London 2012 Paralympic Games Fiery closing ceremony brings to a close an amazing summer of sport

THE most successful Paralympic Games in history drew to a close in spectacular style last night in a “Festival of the Flame” honouring Britain’s ancient traditions and festivals and marking the end of 11 days of sport.

The London 2012 Paralympic Games closing ceremony was set to see Coldplay, one of Britain’s best-selling music acts, joined by global superstars Rihanna and Jay-Z in a spectacular celebration of achievements of the Paralympic athletes and an amazing summer of sport.

Event organisers have hailed the “seismic effect in shifting public attitudes” to disability sports, claiming the games
have changed public perception forever.

Sign up to our daily newsletter

The i newsletter cut through the noise

Central to the ceremony – called the “Festival of the Flame” – were the 4,200 Paralym­pians from 164 nations who sat around the field of play from the start.

A war hero who lost both legs in a blast on the battlefields
of Helmand helped to close
London 2012, climbing a flagpole and proudly flying the Union flag.

Fifty-four drummers created an avenue through which the Earl of Wessex, representing the Queen, and International Paralympic Committee chairman Sir Philip Craven entered the
stadium.

They arrived in a custom-built car that began life as a military vehicle used in Afghanistan and was driven by Captain Tony
Harris, who lost his left leg below the knee when he was caught in a blast in Sangin in 2009.

Blind autistic singer Lissa Hermans, who also performed at the Queen’s Diamond Jubilee this year, sang the National
Anthem.

The spectacular and moving ceremony was another display of creativity and British eccentricity, bringing to an end six weeks of incredible competition. The audience roared as Britain’s joint flagbearers, wheelchair racer David Weir and
cyclist Sarah Storey, who each won four golds, were joined by athletes from each country.

The ceremony included some stunning effects and more than 1,000 performers, including a cast of disabled artists, who had spent weeks learning circus skills for the show.

London mayor Boris Johnson was expected to pass the Paralympic Flag to the mayor of Rio de Janeiro, Eduardo Paes.

Teenage swimming star – and face of the games – Ellie Simmonds, 17, was due to be joined by sprinting sensation Jonnie Peacock, 19, to play a part in the final moments of the games.

As the Paralympic cauldron was extinguished, they were expected to transfer the final flame to a London Paralympic Torch, then to be used to light hundreds of torches held by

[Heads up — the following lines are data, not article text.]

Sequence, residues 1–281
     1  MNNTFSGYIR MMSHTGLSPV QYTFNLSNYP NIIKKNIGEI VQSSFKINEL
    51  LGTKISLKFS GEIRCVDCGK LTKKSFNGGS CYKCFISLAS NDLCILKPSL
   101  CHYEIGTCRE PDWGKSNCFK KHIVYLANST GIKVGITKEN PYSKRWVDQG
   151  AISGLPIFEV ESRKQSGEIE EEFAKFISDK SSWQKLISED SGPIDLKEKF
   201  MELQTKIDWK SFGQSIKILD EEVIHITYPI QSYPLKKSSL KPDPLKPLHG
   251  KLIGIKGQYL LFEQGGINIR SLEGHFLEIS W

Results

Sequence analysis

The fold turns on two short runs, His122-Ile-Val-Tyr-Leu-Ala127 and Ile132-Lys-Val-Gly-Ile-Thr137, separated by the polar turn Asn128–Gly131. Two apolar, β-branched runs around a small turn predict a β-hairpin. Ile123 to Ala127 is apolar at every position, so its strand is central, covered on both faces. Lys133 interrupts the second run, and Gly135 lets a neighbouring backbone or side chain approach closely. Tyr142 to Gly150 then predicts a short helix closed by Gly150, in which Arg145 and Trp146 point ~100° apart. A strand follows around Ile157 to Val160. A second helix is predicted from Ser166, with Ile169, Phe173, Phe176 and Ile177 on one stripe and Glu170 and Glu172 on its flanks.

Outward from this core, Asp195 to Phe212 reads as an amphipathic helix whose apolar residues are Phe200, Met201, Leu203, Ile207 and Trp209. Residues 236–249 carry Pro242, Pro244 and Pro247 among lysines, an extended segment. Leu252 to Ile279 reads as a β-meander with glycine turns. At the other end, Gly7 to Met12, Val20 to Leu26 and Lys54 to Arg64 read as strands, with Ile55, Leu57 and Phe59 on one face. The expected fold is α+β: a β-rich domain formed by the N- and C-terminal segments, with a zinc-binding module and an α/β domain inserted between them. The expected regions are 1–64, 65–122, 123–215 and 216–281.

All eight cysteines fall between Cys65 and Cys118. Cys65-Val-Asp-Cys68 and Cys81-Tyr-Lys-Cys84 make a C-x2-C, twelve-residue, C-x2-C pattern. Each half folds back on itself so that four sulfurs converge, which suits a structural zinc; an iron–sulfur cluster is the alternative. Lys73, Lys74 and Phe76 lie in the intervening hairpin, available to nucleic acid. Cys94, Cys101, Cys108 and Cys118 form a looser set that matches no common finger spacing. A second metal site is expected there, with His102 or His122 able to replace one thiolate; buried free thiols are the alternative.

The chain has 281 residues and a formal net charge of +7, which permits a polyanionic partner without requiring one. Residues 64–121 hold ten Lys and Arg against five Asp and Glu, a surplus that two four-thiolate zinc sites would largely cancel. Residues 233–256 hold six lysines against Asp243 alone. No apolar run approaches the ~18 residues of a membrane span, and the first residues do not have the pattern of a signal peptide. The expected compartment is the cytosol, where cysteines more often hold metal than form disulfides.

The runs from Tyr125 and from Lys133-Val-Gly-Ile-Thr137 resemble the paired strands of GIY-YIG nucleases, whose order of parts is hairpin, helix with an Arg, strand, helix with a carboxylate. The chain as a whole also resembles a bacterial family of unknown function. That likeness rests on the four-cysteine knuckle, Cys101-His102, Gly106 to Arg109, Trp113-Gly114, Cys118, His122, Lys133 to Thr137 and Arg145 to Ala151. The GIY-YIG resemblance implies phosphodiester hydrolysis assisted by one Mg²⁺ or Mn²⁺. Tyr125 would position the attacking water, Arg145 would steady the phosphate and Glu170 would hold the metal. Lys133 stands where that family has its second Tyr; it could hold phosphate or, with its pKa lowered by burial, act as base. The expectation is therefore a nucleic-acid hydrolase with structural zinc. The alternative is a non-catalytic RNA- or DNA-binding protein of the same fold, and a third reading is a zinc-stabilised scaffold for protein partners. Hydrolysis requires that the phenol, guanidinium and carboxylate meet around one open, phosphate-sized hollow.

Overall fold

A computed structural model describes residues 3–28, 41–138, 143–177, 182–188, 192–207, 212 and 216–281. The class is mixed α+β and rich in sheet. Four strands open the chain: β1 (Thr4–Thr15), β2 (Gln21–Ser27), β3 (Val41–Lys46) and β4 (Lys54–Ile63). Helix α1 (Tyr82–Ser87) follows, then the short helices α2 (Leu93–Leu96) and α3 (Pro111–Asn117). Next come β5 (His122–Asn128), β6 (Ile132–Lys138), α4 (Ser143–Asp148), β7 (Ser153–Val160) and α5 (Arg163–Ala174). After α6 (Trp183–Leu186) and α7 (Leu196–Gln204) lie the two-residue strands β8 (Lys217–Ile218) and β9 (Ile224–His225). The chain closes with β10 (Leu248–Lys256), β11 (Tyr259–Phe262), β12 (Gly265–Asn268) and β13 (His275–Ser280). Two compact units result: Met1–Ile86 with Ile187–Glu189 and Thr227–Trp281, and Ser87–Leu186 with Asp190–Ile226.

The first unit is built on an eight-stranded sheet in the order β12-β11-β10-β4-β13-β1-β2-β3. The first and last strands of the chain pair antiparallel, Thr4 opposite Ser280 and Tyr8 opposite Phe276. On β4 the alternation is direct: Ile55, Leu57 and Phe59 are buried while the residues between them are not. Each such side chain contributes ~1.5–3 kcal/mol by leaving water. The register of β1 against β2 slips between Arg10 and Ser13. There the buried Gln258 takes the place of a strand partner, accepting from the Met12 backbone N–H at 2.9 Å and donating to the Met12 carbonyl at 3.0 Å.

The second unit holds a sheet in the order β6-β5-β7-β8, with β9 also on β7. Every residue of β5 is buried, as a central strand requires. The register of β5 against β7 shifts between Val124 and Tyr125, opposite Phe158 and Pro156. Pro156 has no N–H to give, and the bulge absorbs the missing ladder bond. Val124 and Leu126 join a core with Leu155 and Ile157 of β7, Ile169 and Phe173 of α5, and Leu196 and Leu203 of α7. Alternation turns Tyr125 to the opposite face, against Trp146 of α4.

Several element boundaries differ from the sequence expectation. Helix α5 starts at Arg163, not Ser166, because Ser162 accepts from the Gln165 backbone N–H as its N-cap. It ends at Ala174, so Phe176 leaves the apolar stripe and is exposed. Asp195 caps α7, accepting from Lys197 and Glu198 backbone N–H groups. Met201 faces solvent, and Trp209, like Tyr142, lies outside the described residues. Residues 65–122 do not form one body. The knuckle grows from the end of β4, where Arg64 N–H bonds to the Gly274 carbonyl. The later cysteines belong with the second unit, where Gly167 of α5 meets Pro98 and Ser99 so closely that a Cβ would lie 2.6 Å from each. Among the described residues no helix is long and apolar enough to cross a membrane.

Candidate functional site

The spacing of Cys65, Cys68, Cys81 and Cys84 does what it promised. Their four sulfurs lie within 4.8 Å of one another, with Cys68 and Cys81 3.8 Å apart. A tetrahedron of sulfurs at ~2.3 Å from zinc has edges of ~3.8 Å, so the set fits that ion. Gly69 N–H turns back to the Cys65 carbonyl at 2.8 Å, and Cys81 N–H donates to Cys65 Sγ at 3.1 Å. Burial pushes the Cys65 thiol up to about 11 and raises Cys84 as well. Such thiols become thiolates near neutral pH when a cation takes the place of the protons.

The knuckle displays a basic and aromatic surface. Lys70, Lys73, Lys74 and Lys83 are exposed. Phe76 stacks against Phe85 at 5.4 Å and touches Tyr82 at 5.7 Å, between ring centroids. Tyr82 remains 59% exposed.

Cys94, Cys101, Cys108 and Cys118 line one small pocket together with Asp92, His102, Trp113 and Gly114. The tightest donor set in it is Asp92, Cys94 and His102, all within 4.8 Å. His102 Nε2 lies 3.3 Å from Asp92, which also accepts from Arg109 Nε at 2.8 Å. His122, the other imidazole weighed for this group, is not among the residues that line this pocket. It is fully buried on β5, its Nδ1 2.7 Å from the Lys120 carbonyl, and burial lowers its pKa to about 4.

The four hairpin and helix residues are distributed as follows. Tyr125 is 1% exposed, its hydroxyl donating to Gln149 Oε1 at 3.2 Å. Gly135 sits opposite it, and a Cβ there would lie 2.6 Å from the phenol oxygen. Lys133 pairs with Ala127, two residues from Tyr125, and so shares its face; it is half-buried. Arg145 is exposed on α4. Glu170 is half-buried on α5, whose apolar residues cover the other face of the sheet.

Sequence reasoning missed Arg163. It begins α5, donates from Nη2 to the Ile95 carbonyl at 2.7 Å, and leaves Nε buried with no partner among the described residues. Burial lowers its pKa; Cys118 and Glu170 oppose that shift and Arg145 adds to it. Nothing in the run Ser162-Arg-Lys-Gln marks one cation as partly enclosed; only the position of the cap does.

members of the cast throughout the field of play.

Fountains of water were then set to rise from circular stages to extinguish the Paralympic Flame.

The stunning send-off was due to end with a spectacular fireworks display over the 
Olympic Stadium and Park.

Coldplay singer Chris Martin said: “Being asked to play at the closing celebrations … is such a great honour for us.

“We were excited to try to
create a performance for the last night of the games that closed London 2012 in style.”

Rihanna said: “These athletes are gladiators and are a true
inspiration to me.”

The top events that hit the headlines:

DAVID WEIR’s four gold medals and his performances in winning them ensures he is recognised as the best wheelchair racer in the world and a strong contender for BBC Sports Personality of the Year.

JONNIE PEACOCK, right, won his place in Paralympic history when he triumphed over the likes of Oscar Pistorius, Jerome Singleton and Alan Oliviera to win the 100m crown.

Cycling sensation SARAH STOREY, 34, bagged four gold medals, which puts her alongside Baroness Tanni Grey-Thompson and Dave Roberts as the most successful Paralympians of the modern era with 11 golds.

Swimming poster girl ELLIE SIMMONDS, 17, below, won the hearts of the nation after taking home four medals, including two golds and breaking two world

records.

OSCAR PISTORIUS, the poster boy of the Paralympics had his title taken away in the 200m by Brazil’s young speedster ALAN OLIVEIRA, sparking complaints about the size of the winner’s blades.

Ex-Formula One driver ALEX ZANARDI, who lost his legs in a crash, celebrated victory in the individual handcycling time trial at Brands Hatch by lifting his handcycle over his head.

Dubbed the Usain Bolt of the Paralympics, Ireland’s JASON SMYTH proved he remains the fastest Paralympian f all time, running the T13 100m in a record 10.46 seconds.